The surface properties of aluminated meso–macroporous silica and its catalytic performance as hydrodesulfurization catalyst support

Petroleum Science, May 2017

Aluminated mesoporous silica was prepared by multiple post-grafting of alumina onto uniform mesoporous SiO2, which was assembled from monodisperse SiO2 microspheres. Hydrodesulfurization (HDS) catalyst was prepared by loading Ni and Mo active components onto the aluminated uniform mesoporous SiO2, and its HDS catalytic performance was evaluated using hydrodesulfurization of dibenzothiophene as the probe reaction at 300 °C and 6.0 MPa in a tubular reactor. The samples were characterized by N2 physisorption, scanning electronic microscopy, Fourier transform infrared spectrum, X-ray diffraction (XRD), temperature-programmed desorption of ammonia (NH3-TPD), 27Al nuclear magnetic resonance (27Al-NMR) and high-resolution transmission electron microscopy (HRTEM). The results showed that the Si–OH group content of SiO2 was mainly dependent on the pretreatment conditions and had significant influence on the activity of the NiMo catalyst. The surface properties of the aluminated SiO2 varied with the Al2O3-grafting cycles. Generally after four cycles of grafting, the aluminated SiO2 behaved like amorphous alumina. In addition, plotting of activity of NiMo catalysts supported on aluminated meso–macroporous silica materials against the Al2O3-grafting cycle yields a volcano curve.

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The surface properties of aluminated meso–macroporous silica and its catalytic performance as hydrodesulfurization catalyst support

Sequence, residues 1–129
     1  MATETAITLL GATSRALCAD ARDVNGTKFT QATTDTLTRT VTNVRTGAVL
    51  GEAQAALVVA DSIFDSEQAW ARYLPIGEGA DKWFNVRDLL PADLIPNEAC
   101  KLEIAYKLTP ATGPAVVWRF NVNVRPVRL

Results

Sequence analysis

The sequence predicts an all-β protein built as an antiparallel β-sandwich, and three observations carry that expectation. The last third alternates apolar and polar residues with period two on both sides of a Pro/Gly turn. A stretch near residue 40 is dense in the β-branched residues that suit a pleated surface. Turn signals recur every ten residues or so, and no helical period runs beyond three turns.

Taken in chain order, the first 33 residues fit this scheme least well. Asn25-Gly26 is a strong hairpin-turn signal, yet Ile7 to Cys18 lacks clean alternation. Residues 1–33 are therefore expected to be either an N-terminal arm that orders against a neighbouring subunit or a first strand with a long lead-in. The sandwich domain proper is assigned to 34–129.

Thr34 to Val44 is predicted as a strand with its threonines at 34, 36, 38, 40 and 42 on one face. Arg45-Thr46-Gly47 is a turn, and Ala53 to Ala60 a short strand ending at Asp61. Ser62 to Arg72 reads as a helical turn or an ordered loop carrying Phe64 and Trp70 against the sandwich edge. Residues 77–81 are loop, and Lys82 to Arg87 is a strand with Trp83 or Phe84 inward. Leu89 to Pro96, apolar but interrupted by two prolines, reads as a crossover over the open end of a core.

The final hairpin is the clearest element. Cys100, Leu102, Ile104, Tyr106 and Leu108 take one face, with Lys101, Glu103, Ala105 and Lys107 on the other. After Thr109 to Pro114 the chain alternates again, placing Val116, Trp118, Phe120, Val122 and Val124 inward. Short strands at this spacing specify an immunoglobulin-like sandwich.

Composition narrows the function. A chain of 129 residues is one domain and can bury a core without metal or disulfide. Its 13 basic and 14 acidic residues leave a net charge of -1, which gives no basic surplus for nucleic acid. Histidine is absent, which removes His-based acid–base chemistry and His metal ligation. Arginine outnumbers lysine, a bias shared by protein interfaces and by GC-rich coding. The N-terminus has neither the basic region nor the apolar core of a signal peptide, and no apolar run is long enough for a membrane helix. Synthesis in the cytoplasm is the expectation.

The surface properties of aluminated meso-macroporous silica and its catalytic performance as hydrodesulfurization catalyst support Zhi-Gang Wang 0 1 Jia-Ning Pei 0 1 Sheng-Li Chen 0 1 Zheng Zhou 0 1 Gui-Mei Yuan 0 1 Zhi-Qing Wang 0 1 Guo-Qiang Ren 0 1 Hong-Jun Jiang 0 1 0 Shanghai Petrochemical Company of Sinopec , Jinshan, Shanghai 200540 , People's Republic of China 1 State Key Laboratory of Heavy Oil Processing, College of Chemical Engineering, China University of Petroleum , Beijing 102249 , People's Republic of China Aluminated mesoporous silica was prepared by multiple post-grafting of alumina onto uniform mesoporous SiO2, which was assembled from monodisperse SiO2 microspheres. Hydrodesulfurization (HDS) catalyst was prepared by loading Ni and Mo active components onto the aluminated uniform mesoporous SiO2, and its HDS catalytic performance was evaluated using hydrodesulfurization of dibenzothiophene as the probe reaction at 300 C and 6.0 MPa in a tubular reactor. The samples were characterized by N2 physisorption, scanning electronic microscopy, Fourier transform infrared spectrum, X-ray diffraction (XRD), temperature-programmed desorption of ammonia (NH3-TPD), 27Al nuclear magnetic resonance (27Al-NMR) and high-resolution transmission electron microscopy (HRTEM). The results showed that the Si-OH group content of SiO2 was mainly dependent on the pretreatment conditions and had significant influence on the activity of the NiMo catalyst. The surface properties of the aluminated SiO2 varied with the Al2O3-grafting cycles. Generally after four cycles of grafting, the aluminated SiO2 behaved like amorphous alumina. In addition, plotting of activity of NiMo catalysts supported on aluminated mesomacroporous silica materials against the Al2O3-grafting cycle yields a volcano curve. Aluminum grafting; Hydrodesulfurization; Surface properties; Catalyst support; SiO2 1 Introduction The demand for more environmentally friendly petroleum products with lower sulfur content is growing due to environmental problems caused by SOx emissions. Therefore, development of new catalysts with high hydrodesulfurization (HDS) activity is required. Previous investigations (Breysse et al. 2003, 2008) indicate that the nature and characteristics of catalyst support have significant influence on the performance of HDS catalyst. Generally, for industrial NiMo and CoMo HDS catalysts, the supports are usually c-Al2O3 or aluminosilicates rather than pure SiO2, mainly because of the stronger support?metal interaction and subsequent better HDS activity of Al2O3supported catalyst than that of SiO2-supported catalyst (Scheffer et al. 1988). Ordered mesoporous Al2O3 is particularly suited as catalyst support due to its suitable surface and textural properties (Venezia et al. 2010; Morris et al. 2008). Therefore, a number of researchers have aimed to directly synthesize ordered mesoporous alumina (Bagshaw and Pinnavaia 1960; Yada et al. 1997; Cabrera et al. 1999; Ma?rquez-Alvarez et al. 2008). However, the ordered mesoporous alumina obtained by direct synthesis has some shortcomings like the complexity of the synthesis process, lack of reproducibility, low thermal stability at high temperature, structural non-uniformity and wide pore distribution (Cheralathan et al. 2008). Fortunately, one alternative route to prepare ordered mesoporous alumina is available, that is, grafting alumina onto ordered SiO2 mesoporous materials. This alternative method has distinct advantages over direct synthesis with respect to reproducibility, structural ordering and thermal stability (Mokaya and Jones 1999; Mokaya 1997). Up to now, various pure silica mesoporous materials, such as MCM-41 (Goldbourt et al. 2002; Landau et al. 2001), SBA-15 (Zukal et al. 2008; Baca et al. 2008) and KIT-1 (Ryoo and Kim 1997; Jun and Ryoo 2000), have been employed as templates in many investigations concerning alumination of SiO2 surfaces through grafting technology. Several researchers have investigated the HDS performance of catalysts supported on alumina-grafted materials. Klimova et al. (2003) found that a catalyst with a higher content of alumina has lower HDS activity, and concluded that over strong metal?support interaction, caused by incorporation of alumina in MCM-41, made the reduction and sulfidation of the active component more difficult. However, in the study of the effect of incorporation of alumina on HDS activity of NiMo/SBA-15 catalysts, it was found that the blockage of catalyst pores by alumina could lead to significant decline in activity in the case of high content of alumina (Rayo et al. 2009). On the one hand, owing to the small pore size of these molecular sieves, the pore structure probably suffered from the incorporation of alumina. On the other hand, the surface property is significantly affected by the incorporation of alumina. Therefore, it is difficult ascertain which is the main cause for the decrease in HDS activity. Fortunately, our research group has prepared SiO2 opal by ordered facecentered cubic packing of monodisperse silica microspheres (Zhou et al. 2012a, b). The ordered compact of SiO2 opal with a high coordination number has very uniform pore size distribution, and the pore size can be tuned according to the needs of experiments by changing the diameter of the monodisperse SiO2 microspheres. Hence, SiO2 opals with larger pore size are more suitable materials for the grafting of multilayer alumina, since larger pore sized opal has better pore structure stability against the amount of grafted alumina, than MCM-41 or SBA-15. In addition, the content of silanol groups on the surface of template porous SiO2 opal is supposed to have a great influence on the post-synthesis of alumination (Mokaya and Jones 1999; Li et al. 2001; Zhao et al. 1997), and the content of the silanol groups mainly depends on pretreatment conditions, such as calcination temperature and whether or not there has been a hydrothermal treatment. However, very few researchers have aimed to investigate the effect of the content of silanol groups of template porous SiO2 on HDS activity of catalyst using aluminated SiO2 as catalyst support. In the present work, the effects of pretreatment conditions of the SiO2 materials and the Al2O3-grafting cycle on the surface properties of aluminated SiO2 opal materials were investigated. In order to ascertain the relationship between the HDS activity and the surface property of the aluminated SiO2 used as catalyst support, the catalytic performance of NiMo catalysts supported on these aluminated SiO2 opal materials was tested using the HDS of dibenzothiophene (DBT) as probe reaction. 2 Experimental 2.1 Preparation of SiO2 opal materials and reference alumina Monodisperse SiO2 microspheres were synthesized through hydrolysis and condensation of tetraethyl orthosilicate (98%, J&K) in alcohol (99.7%, Sinopharm Chemical Reagent) and in the presence of water and ammonia by the seed particle growth method. Detailed descriptions of the synthesis procedures were reported in the previous papers of our research group (Chen et al. 1996; Liu et al. 2009; Chen 1998). In this work, monodisperse SiO2 microspheres with diameters of 100, 250 and 500 nm were prepared. First, SiO2 opals were obtained by ordered packing of SiO2 microspheres, then the assembled SiO2 opals were calcined at three temperatures in the range of 500?900 C for 2 h, and finally these SiO2 opals were hydrothermally treated at 220 C for 5 h to recover the surface silanol groups which were lost during the calcination. The pretreatment of the SiO2 opal includes the calcination and hydrothermal treatment. In addition, a reference alumina, denoted as (Al(NO3)3-C), was prepared by calcination of Al(NO3)39H2O (99%, Sinopharm Chemical Reagent) in static air at 500 C for 5 h. 2.2 Alumination of SiO2 opal materials In the alumination procedure, hydrothermally treated SiO2 opals were added to 0.67 M aluminum nitrate (Al(NO3)3) solution at 80 C, kept in the solution for 12 h and then filtered to remove the solution. To remove the Al(NO3)3 solution in the pores of the SiO2 opals, the filtered SiO2 opals were washed three times with distilled water. The SiO2 opals were then dried at 100 C for 6 h and calcined in static air at 500 C for 5 h. The above steps compose one cycle of Al2O3 grafting, and the Al2O3-grafting process can be repeated several times. The sample is denoted as mSiO2-Al-n, where m is the diameter of the monodisperse SiO2 microspheres, from which the SiO2 opal was made of, and n is the number of Al2O3-grafting cycles. These aluminated SiO2 opal materials were used as supports for the hydrodesulfurization catalyst. 2.3 Catalyst preparation NiMo catalysts were prepared by incipient wetness coimpregnation of aqueous solutions of (NH4)Mo7O2 4H2O ([99%, Sinopharm Chemical Reagent) and Ni(NO3)26H2O ([98%, Sigma-Aldrich) into catalyst support. After impregnation, the catalysts were dried at 100 C for 6 h and then calcined at 500 C for 5 h. The active metallic component loadings in the catalysts were 5.42 lmol MoO3/m2 support and 1.81 lmol NiO/m2 support. For comparison, the reference alumina was loaded with the same loading amount of MoO3 and NiO by incipient wetness co-impregnation of (NH4)Mo7O2 4H2O and Ni(NO3)2 6H2O aqueous solutions. This catalyst was dried and calcined as described above. All catalysts were crushed and sieved to a size of about 0.23 mm before catalytic performance testing. 2.4 Characterization of support and catalyst The supports and catalysts were characterized by N2 physisorption, scanning electron microscopy (SEM), X-ray diffraction (XRD), temperature-programmed desorption (TPD), 27Al nuclear magnetic resonance (NMR) and highresolution transmission electron microscopy (HRTEM). N2 adsorption/desorption isotherms were measured with a Micromeritics ASAP 2020 automatic analyzer (ASAP 2020, Micromeritics, USA) at -196 C. Specific surface areas were calculated by the BET method. The total pore volume and pore size distributions were measured by the mercury penetration method on an Autopore II 9220 mercury porosimeter using a contact angle of 140 . The morphology of catalysts was observed on a scanning electron microscope (Quanta 200F, FEI, USA) using an accelerating voltage of 20 kV. HRTEM micrographs were obtained by using a transmission electron microscope (JEM-2100, JEOL, Japan) operated at 200 kV. The sulfided catalysts were crushed and then ultrasonically dispersed in heptane, and the suspension was collected on carbon-coated grids. HRTEM micrographs were taken from different parts of the same sample dispersed on the microscope grid. Wideangle XRD patterns were recorded in the range of 10 \ 2h \ 85 on a Bruker D8 Advance diffractometer (D8 Advance, Bruker, German), using Cu Ka radiation and a goniometer speed of 1 (2h) min-1. The acid sites amount and acid strength distribution were determined by the NH3-TPD. The ammonia in the effluent gas was detected by a thermal conductivity detector (TCD). Before NH3-TPD experiments, the samples were pretreated in situ at 550 C for 50 min in a N2 flow in order to remove water and other contaminants. The samples were then cooled to 110 C, and a N2/NH3 mixture (30/10 mol/mol) at a flow rate of 40 ml/min was fed for 30 min. The desorption step was performed in a N2 stream (30 mL/min) at a heating rate of 10 C/min. 27Al MAS NMR was carried out on a Bruker AVANCE III 600 spectrometer at a resonance frequency of 156.4 MHz using a 4 mm HX double-resonance MAS probe at a sample spinning rate of 15 kHz. The 27Al chemical shift was referenced to 1 M aqueous Al(NO3)3. 27Al MAS NMR spectra were recorded by the small flip angle technique with a pulse length of 0.5 ls (\p/12), a 1 s recycle delay and 4000 scans. Fourier transform infrared spectroscopy (FTIR) was recorded on a Bruker IFS 66 V spectrometer in the range of 3800?600 cm-1 (4 cm-1 resolution, 256 scans/spectrum) using a Thermo Spectra-Tech high-temperature cell. All the spectra were recorded at 150 C in argon after 2 h of pretreatment at 450 C in argon. 2.5 HDS activity of NiMo catalyst The HDS activity tests of the NiMo catalysts were carried out in a bench-scale stainless-steel tubular reactor at 300 C and 6.0 MPa using a sulfur-free lube base oil solution of DBT (1000 ppm of S) as HDS feedstock. The lube base oil was provided by Sinopec Shanghai Gaoqiao Petrochemical Corporation (China). Prior to catalytic HDS, the catalysts were sulfided by a mixture of 2 wt% CS2 and cyclohexane with the following temperature program: reactor temperature was raised to 230 C from room temperature at a heating rate of 7 C/min and kept at 230 C for 3 h; then the temperature was raised to 340 C at a heating rate of 3 C/min and kept at 340 C for 3 h. The presulfiding conditions were as follows: liquid hourly space velocity (LHSV), 5 h-1; H2/Oil (v/v) ratio, 200; operation pressure, 6.0 MPa. After sulfidation, the stream was switched from sulfiding agent to HDS feedstock and maintained for 20 h to achieve catalyst stability, and the hydrodesulfurized sample was collected at the appropriate time (the time interval depended on the LHSV). Then, these samples were washed with 5 wt% sodium hydroxide solution three times to remove the dissolved H2S. The sulfur content in the samples was measured by using a THA-2000S UV-induced fluorescence sulfur analyzer (Taizhou Jinhang Analytical Instruments Co. Ltd., China). 3 Results and discussion 3.1 Support and catalyst characterization The pore structure characterization of supports and their NiMo catalysts is shown in Tables 1 and 2, respectively. It can be seen that the three SiO2 opal supports without pretreatment had almost the same total pore volume (about 0.23 cm3/g), but their average pore diameter and specific Table 1 Pore structure characterization of catalyst supports Alumina content, g/100 m2 SiO2 Dm is the diameter of microspheres, nm; CT is the calcination temperature, C; HT is hydrothermal treatment; GC is the grafting cycles of alumina; dp is the average pore diameter, nm; Vp is the pore volume, cm3/g; SSA is the specific surface area, cm2/g. Alumina content was measured by EDX Fig. 1 SEM images of NiMo catalysts with microspheres diameters of 100 nm (a), 250 nm (b), and 500 nm (c) Table 2 Pore structure properties of NiMo catalysts NiMo/A-700-H-4 NiMo/B-700-H-4 NiMo/C-700-H-4 NiMo/Al(NO3)3-C surface area were different from each other (Table 1). Due to the shrinkage of the SiO2 microspheres during calcination and sealing of the micropores on the surface of the SiO2 microspheres during hydrothermal treatment, the specific surface area of SiO2 opal which was calcined and hydrothermally treated had declined slightly. Additionally, the pore structure did not change significantly after successive Al2O3-grafting steps and NiMo impregnation (Tables 1, 2; Fig. 1), indicating that the well-defined pore structure of the original SiO2 opals was still well maintained after several cycles of Al2O3 grafting and NiMo impregnation. Figure 2 shows that catalysts were opal-like materials with facecentered cubic packing of monodisperse nonporous spheres. NiMo/A-700-H-4 NiMo/B-700-H-4 NiMo/C-700-H-4 NiMo/Al(NO3)3-C Fig. 2 Pore size distribution of four NiMo catalysts Clearly, the well-defined pore structure was not damaged by NiMo impregnation and Al2O3-grafting treatment. The silanol group of the samples pretreated at different conditions was evaluated by FTIR spectroscopy (Fig. 3). According to the report by Brandriss and Margel (1993) the absorbance at approximately 3750 cm-1 and at the range approximately from 3265 to 3645 cm-1 was assigned to Fig. 3 Infrared spectra for SiO2 opal, assembled from 100-nm microspheres pretreated at different conditions free silanol and chemisorption of water through silanol group, respectively. Upon heating, the intensity of the absorbance belonging to free silanol and the chemisorption of water began to decrease, indicating that the surface silanol group started to condense and eliminate water. After hydrothermal treatment, the silanol group can be almost completely recovered if the calcination temperature is below 500 C; the silanol group could be partly recovered if the calcination temperature above 500 C. The 27Al NMR results of this work showed that the pretreatment conditions of the SiO2 opals and the alumination procedure had a strong effect on the Al coordination (Fig. 4). It was reported that three distinct signals with maximum values centered at 3, 34 and 56 ppm should be assigned to octahedral Al (oct), pentahedral Al (pen) and tetrahedral Al (tet) atoms, respectively (Zukal et al. 2008). 55 ppm 30 ppm 1 ppm Fig. 4 27Al NMR spectra of SiO2 opal grafted with different amounts of alumina and c-Al2O3 Fig. 5 NH3-TPD spectra of alumina-grafted materials, parent SiO2 opal and reference alumina It can be seen that the chemical shift of the Al (tet) of the grafted materials was closer to that of tetrahedral Al in zeolite and amorphous aluminum silicate reported in literature (Klimova et al. 2003; Hensen et al. 2010; Go? raMarek et al. 2005), indicating the formation of Al?O?Si bonds resulted from the grafting of Al atoms on the surface of SiO2 microspheres. It is noteworthy that the spectra of these Al2O3-grafted materials were different from those of c-Al2O3, which consists mostly of Al(tet) and Al(oct) with a Al(tet)/Al(oct) atomic ratio of 3/7, and the Al(pen) accounts for very small amount. According to the report by De Witte (De Witte et al. 1995), the Al(pen) usually exists in the interface between silica and alumina or in the amorphous silica?alumina, indicating that the local arrangement of aluminum atoms in Al2O3-grafted materials was different from that in bulk c-Al2O3. In addition, the effect of calcination temperature on Al coordination is also found from the 27Al NMR spectrum of A-700-H-2 and A-900-H-2 in Fig. 4. The Al(tet) was formed through the silanol group on the surface of the SiO2 microspheres; therefore, the content of the Al(tet) mainly depended on the amount of silanol group which was largely affected by the calcination temperature. Based on the results of infrared spectra (see Fig. 2), the content of silanol group of A-700H is higher that of A-900-H, so more Al(tet) could exist after two Al2O3-grafting cycles. Further characterization of the supports was undertaken by NH3-TPD to investigate the acidity of support with different amounts of alumina, and the result is shown in Fig. 5. NH3 desorption peaks at 120?220, 220?400 and 400?550 C represent weak, medium and strong acid, respectively, and the acidity data of them are summarized in Table 3. Table 3 shows that the pure silica support presented mostly weak acid sites originating from the Table 3 Acidity density of the parent SiO2 opal, grafted materials and reference alumina Acidity density, lmol NH3/m2 Weak acid 110?220 C Medium acid 220?400 C Strong acid 400?600 C silanol group on the surface, and only a small amount of medium and strong acid sites. However, the amorphous alumina (Sample Al(NO3)3-C) presented mostly medium and strong acid sites. After two cycles of alumina grafting (Sample A-700-H-2), the alumina-grafted materials showed a significant decrease in the amount of weak acid sites, indicating that the silanol group was consumed in the reaction with aluminum species, and medium and strong acid sites were created by Al2O3 grafting. After four cycles of alumina grafting (Sample A-700-H-4), the total acidity decreased, possibly due to the formation of more amorphous alumina like the sample Al(NO3)3-C. Based on the result of the 27Al NMR (Fig. 4), it can be concluded that the total acidity increased first and then decreased with the grafting cycle, confirming that some of the grafted alumina atoms would be bonded with silica atoms of the silica microspheres after two-cycle grafting, but the acid sites would be covered by the alumina overlayer during the subsequent Al2O3 grafting. By comparing the NH3-TPD spectra (Fig. 5) of the A-700-H-2 and A-900-H-2 and infrared spectra (Fig. 3) of the A-700-H and A-900-H, it can be found that higher content of silanol group is more conducive to forming acid sites during the grafting procedure. The supports and their corresponding NiMo catalysts were analyzed by XRD, and the results are shown in Fig. 6. No distinct diffraction peaks are observed in the XRD patterns of Al(NO3)3-C (Fig. 6a), indicating that amorphous alumina was formed during calcination of Al(NO3)3 at 500 C. The XRD patterns of SiO2 opal showed a broad signal in the 2h range between 15 and 35 (samples A in Fig. 6a), and this was attributed to the amorphous silica (Zepeda et al. 2008; Nava et al. 2007). It is suggested that the alumina unbonded with silicon atoms of SiO2 microspheres can be regarded as amorphous alumina similar to the Al(NO3)3-C sample. As shown in Fig. 6b, no reflections belonging to molybdenum and nickel oxides are observed in the XRD patterns of the NiMo/Al(NO3)3-C catalyst. This result indicated a good dispersion of deposited Ni and Mo oxide species on the support surface. For NiMo/SiO2 catalyst, besides the peaks from the support, some peaks of molybdenum oxide appeared at 2h of 12.7 , NiMo/Al(NO3)3-C Fig. 6 XRD patterns for supports (a) and corresponding NiMo catalysts (b) 22.7 and 33.4 (JCPDS (Joint Committee on Powder Diffraction Standards) card 35-609). An additional reflection peak appeared at 2h of 25.6 , indicating the presence of b-NiMo4 phase (JCPDS card 21-0868). However, in the case of NiMo/Al2O3-grafted SiO2 catalyst, no reflections of MoO3 and b-NiMo4 are found, indicating that the incorporation of alumina in the supports enhanced the dispersion of active components of the catalysts. 3.2 Catalytic activity in hydrodesulfurization of dibenzothiophene In the present study, the catalytic activity of NiMo catalyst using alumina-grafted SiO2 as support was tested using the HDS of dibenzothiophene (DBT) in a fixed-bed tubular reactor as the probe reaction. The HDS catalytic activity of NiMo catalysts supported on parent SiO2 opals, and amorphous alumina was also tested for comparison purposes. Surface area hourly space velocity (SHSV) was applied to describe the ratio of flow rate of liquid feedstock to the catalyst surface area. According to the literature (Chen et al. 2005; Chen and Ring 2004), HDS reactions of individual compounds follow first-order kinetics, so the material balance of the isothermal and plug-flow reactor is given by Eq. (1). where C0 and Ct is the sulfur concentration in the feedstock and product stream, respectively, ppm; k is the pseudofirst-order reaction rate constant, m s-1; Q is the feedstock flow rate, m3 s-1; S is the surface area of the catalyst loaded in the reactor, m2. For the HDS catalytic performance testing, SHSV was varied through changing the Q, the liquid effluents from the reactor were collected, and their sulfur content was measured. The relationship between ln(C0/Ct) and SHSV-1 is shown in Fig. 7. The best fit straight lines of ln(C0/Ct) versus SHSV-1 were obtained, and the slope of the straight line was the k. Three SiO2 opals, prepared with 100, 250 and 500 nm SiO2 microspheres, were employed as templates to fabricate NiMo catalysts. The k of various NiMo catalysts supported on SiO2 opal grafted with different amounts of Al2O3 is calculated and presented in Fig. 8, and the n in the legend at the top left corner represent the Al2O3-grafting cycles. It can be found that the catalytic activities of all the NiMo catalysts supported on aluminated SiO2 opals were significantly higher than those of NiMo catalysts supported on parent SiO2 opals. In addition, the activity of NiMo catalysts supported on the aluminated SiO2 yielded a volcano curve as a function of the Al2O3grafting cycles. According to the results of 27Al NMR in Fig. 4, a certain amount of Al was implanted within the outer surface of the silica microspheres during the grafting Fig. 8 Reaction rate constant k of various NiMo catalysts supported on Al-grafted materials with different amounts of alumina (300 C, 6.0 MPa, H2/Oil (v/v) = 800) process, and amorphous aluminum silicate was formed. Then the content of amorphous aluminum silicate gradually increased with the grafting cycles. Therefore, the activities of the catalysts supported on aluminated SiO2 began to increase till it reached a maximum. The maximum k of the three NiMo catalysts was 5.64 m s-1 for NiMo/A700-H-2, 6.32 m s-1 for NiMo/B-700-H-2 and 7.60 m s-1 for NiMo/C-700-H-2, respectively. Excessive Al grafting resulted in the formation of amorphous alumina that caused a significant decrease in k. As a result, the k of the three NiMo catalysts supported on the SiO2 with four Al2O3grafting cycles was almost equal to that of NiMo catalyst Fig. 7 Relationship between SHSV-1 and ln(C0/Ct) (300 C, 6.0 MPa, H2/Oil (v/v) = 800) Fig. 9 Effect of pretreatment conditions on the reaction rate constant k of NiMo catalysts (300 C, 6.0 MPa, H2/Oil (v/v) = 800) supported on Al(NO3)3-C. Several researchers (Landau et al. 2001; Rayo et al. 2009) have reported the catalytic activity of catalysts supported on Al2O3-grafted materials, and they found that when the content of the alumina exceeds a certain level, the activity of the catalysts began to decrease significantly. In their studies, molecular sieves were used, and the pore textural properties of molecular sieves were prone to being damaged when a high content of alumina is introduced. Therefore, the decrease in the activity may be attributed to this damage of the textural properties. In the present research work, the textural properties of the aluminated SiO2 changed only slightly with the grafting cycles (see Tables 1, 2), suggesting that the decrease in the catalyst activity was resulted from the difference in surface property rather than textural structure. The supports pretreated at different conditions were used to prepare NiMo catalysts, and the effect of pretreatment conditions on the catalytic activity was evaluated. It can be found that the NiMo/A-700-H-2 catalyst showed significantly higher HDS activity compared to the NiMo/A-700-2, indicating hydrothermal treatment can increase the catalyst activity through the recovery of silanol groups of the SiO2 spheres. As shown in Fig. 9, the catalyst activity increased with a decrease in calcination temperature and declined greatly when the calcination temperature reached 900 C. This was because the silanol groups lost during calcinations, especially at higher temperature, were just partly recovered in the hydrothermal treatment procedure, and the higher the calcination temperature, the more the silanol groups on the silica spheres were lost. As shown in Fig. 10, the size and the dispersions of sulfided Mo species (MoS2) of different supports were observed by using HRTEM. The size of active component MoS2 on SiO2 support is large and its dispersion is bad in Fig. 10a, in comparison with that in Fig. 10b, due to the weak interaction between metal oxide and SiO2 support (Scheffer et al. 1988), resulting in the low reaction rate constant k (see Fig. 8). With the alumination of SiO2 supports, the dispersion of sulfided Mo species was improved significantly (Fig. 10b), and this is in accordance with the XRD results (see Fig. 6). It was suggested that the support, which is able to disperse the active components well, has relatively high catalytic activity. 4 Conclusions NiMo catalysts supported on SiO2 opals aluminated by grafting with Al2O3 were prepared and characterized, and their HDS catalytic activity was tested. It was shown with the increase in grafted alumina content on the surface of SiO2, the surface properties changed from SiO2 to amorphous aluminosilicate and then to amorphous alumina. In line with this, the HDS rate constant k of NiMo catalysts supported on the aluminated SiO2 followed a volcano curve when plotted as a function of alumina content. The alumination process of SiO2 opals by chemical grafting did not affect their well-defined pore structure, and alumination of the SiO2 surface led to an increase in the metal?support interaction and improved the dispersibility of the active species on the support surface. Fig. 10 HRTEM images of NiMo catalysts supported on a A-700-H, b A-700-H-2 Acknowledgements Financial support by the National Natural Science Foundation of China (Grant No. 91534120) and the Shanghai Petrochemical Company of Sinopec (under the contract number 30450127-13-ZC0607-0001) is greatly acknowledged. Open Access This article is distributed under the terms of the Creative Commons Attribution 4.0 International License (http://crea tivecommons.org/licenses/by/4.0/), which permits unrestricted use, distribution, and reproduction in any medium, provided you give appropriate credit to the original author(s) and the source, provide a link to the Creative Commons license, and indicate if changes were made. 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The surface properties of aluminated meso–macroporous silica and its catalytic performance as hydrodesulfurization catalyst support, Petroleum Science, 2017, DOI: 10.1007/s12182-017-0150-9